The survey also reveals that currently just 15% of organisations make plans for TMF archiving at the study start-up. Around a third (34%) do so at phase 1, in accordance with GCP (good clinical practice).

Meanwhile, 64% of life sciences organisations have experienced an inspection of an archived TMF, but the archive’s importance extends well beyond regulatory and compliance concerns.

As organisations make further use of technology and data to extend the lifecycle and commercial potential of approved medicines, the digital archive must be increasingly responsive
to broader objectives for innovation and commercial growth.

The report was published by Arkivum, in collaboration with clinical and regulatory software firm Phlexglobal, the Ethical Medicines Industry Group (EMIG) and Survey Goo.

Chris Sigley, CEO of Arkivum, said: “In so many aspects of our professional and personal lives, COVID-19 has highlighted the practical value and transformational power of digital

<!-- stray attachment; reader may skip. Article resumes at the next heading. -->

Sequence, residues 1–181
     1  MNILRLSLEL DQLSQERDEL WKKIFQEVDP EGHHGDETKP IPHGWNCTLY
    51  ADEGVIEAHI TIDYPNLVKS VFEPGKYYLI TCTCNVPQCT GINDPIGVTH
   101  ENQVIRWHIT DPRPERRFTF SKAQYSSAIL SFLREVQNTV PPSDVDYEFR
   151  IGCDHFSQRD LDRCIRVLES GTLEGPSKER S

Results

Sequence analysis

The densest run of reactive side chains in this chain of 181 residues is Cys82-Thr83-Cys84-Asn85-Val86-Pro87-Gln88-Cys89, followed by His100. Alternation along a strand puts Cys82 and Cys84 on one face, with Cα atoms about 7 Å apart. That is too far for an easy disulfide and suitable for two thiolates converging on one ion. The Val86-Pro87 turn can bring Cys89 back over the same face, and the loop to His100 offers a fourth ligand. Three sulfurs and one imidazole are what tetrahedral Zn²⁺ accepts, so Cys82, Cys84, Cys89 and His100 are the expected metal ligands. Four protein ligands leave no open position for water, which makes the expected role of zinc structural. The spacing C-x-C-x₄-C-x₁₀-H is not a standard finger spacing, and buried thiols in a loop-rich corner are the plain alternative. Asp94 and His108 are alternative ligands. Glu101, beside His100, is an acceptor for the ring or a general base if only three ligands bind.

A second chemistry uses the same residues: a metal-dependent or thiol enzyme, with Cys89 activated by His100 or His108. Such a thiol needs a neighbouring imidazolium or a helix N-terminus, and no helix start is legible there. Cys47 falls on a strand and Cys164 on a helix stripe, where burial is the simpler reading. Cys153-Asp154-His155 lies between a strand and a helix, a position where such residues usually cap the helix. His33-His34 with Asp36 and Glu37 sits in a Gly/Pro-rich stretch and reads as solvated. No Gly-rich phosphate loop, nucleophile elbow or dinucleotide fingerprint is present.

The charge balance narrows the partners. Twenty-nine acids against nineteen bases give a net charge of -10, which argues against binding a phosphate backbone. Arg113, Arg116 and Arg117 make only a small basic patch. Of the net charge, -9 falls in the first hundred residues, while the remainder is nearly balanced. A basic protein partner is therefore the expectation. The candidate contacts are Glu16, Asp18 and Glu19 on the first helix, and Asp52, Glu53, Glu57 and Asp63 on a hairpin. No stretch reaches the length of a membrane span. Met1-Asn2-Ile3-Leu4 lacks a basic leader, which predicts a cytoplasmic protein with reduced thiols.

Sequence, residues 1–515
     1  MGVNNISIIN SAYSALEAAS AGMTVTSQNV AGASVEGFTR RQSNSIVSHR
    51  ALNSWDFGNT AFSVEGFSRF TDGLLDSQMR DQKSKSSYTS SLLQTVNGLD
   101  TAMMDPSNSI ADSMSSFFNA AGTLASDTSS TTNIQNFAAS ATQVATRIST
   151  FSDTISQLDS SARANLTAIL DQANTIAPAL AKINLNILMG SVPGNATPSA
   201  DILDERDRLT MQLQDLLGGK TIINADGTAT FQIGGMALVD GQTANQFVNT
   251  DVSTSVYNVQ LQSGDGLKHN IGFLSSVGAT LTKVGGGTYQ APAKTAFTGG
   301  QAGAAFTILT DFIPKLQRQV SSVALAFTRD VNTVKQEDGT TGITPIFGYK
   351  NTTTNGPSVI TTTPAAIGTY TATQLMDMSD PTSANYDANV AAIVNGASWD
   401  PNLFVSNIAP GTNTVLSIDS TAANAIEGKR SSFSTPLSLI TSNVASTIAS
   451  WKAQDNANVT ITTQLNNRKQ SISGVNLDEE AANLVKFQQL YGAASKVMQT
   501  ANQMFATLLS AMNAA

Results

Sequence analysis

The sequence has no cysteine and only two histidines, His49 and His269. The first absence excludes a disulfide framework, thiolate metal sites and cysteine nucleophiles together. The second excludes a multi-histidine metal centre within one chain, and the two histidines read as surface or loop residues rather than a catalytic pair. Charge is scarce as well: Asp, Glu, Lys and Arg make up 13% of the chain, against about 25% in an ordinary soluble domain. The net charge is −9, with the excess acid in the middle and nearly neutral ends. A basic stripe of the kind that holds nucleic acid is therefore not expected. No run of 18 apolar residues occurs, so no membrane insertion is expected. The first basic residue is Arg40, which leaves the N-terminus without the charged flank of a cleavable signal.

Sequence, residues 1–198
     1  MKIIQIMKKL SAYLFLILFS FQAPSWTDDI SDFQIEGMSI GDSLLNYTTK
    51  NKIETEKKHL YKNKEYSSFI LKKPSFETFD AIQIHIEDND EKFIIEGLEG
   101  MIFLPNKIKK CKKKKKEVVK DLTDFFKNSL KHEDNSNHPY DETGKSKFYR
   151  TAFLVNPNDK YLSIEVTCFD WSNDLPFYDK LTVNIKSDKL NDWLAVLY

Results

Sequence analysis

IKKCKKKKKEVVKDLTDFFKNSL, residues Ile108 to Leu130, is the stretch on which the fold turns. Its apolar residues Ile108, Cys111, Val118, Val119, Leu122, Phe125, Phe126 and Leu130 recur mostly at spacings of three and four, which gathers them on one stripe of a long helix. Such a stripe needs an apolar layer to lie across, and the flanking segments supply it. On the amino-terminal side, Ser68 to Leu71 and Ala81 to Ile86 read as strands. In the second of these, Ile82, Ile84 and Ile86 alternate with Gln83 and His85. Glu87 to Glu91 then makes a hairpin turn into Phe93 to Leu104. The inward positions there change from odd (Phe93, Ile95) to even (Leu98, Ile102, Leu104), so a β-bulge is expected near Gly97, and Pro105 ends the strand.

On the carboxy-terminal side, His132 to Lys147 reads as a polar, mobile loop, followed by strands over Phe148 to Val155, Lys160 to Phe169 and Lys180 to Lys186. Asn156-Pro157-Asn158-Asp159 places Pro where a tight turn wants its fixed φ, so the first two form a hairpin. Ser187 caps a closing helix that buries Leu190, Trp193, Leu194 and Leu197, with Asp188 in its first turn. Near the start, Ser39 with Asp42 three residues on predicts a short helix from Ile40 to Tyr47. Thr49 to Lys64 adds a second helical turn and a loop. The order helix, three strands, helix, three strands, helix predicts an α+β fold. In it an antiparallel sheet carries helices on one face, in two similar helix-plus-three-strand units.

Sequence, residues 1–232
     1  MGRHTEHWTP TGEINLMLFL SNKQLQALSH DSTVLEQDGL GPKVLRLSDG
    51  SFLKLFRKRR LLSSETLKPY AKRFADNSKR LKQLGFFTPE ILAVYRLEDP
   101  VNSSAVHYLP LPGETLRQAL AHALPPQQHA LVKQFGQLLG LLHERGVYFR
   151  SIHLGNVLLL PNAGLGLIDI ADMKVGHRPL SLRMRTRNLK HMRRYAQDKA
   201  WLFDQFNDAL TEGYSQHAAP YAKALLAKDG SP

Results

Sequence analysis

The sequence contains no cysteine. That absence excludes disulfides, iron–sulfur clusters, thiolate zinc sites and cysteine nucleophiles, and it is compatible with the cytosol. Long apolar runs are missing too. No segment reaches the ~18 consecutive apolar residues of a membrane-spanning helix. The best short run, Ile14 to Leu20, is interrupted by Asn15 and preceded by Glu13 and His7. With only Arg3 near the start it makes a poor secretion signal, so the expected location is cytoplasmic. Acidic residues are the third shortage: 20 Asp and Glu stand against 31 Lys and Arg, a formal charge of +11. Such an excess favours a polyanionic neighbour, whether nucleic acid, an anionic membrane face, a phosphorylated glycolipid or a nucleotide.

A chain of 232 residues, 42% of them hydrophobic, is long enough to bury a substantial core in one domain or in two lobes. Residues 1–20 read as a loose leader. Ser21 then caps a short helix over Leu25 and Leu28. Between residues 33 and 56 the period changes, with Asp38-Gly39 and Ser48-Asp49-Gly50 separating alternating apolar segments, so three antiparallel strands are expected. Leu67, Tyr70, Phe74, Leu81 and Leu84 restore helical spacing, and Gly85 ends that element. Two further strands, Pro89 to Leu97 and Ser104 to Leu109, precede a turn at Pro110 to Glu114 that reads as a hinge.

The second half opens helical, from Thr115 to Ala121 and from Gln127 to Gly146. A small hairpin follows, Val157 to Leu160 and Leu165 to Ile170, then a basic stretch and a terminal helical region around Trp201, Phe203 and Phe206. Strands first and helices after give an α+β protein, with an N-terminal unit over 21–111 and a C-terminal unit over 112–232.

technology. Yet this report endorses a view expressed before the pandemic by influential voices: that in certain respects the life sciences industry has been outpaced by other highly regulated industries, such as banking and insurance, when it comes to digitisation. Now, as we all embark on shaping ‘the new normal’, is the time for the industry to overcome the digitisation challenges it still faces.

“In the case of clinical trials, successful digitisation presupposes efficiency and agility in collecting and managing data, and reliable interoperability between clinical applications. The electronic trial master file, or eTMF, has already become the norm, though our survey suggests that full interoperability often remains elusive.

“The crucial and valuable data in the TMF merits special treatment – and specialist technology – when it comes to being archived. This is not just in the interests of regulatory compliance, but also of future scientific discovery and commercial growth. Clinical data has a life far beyond the clinical trial.”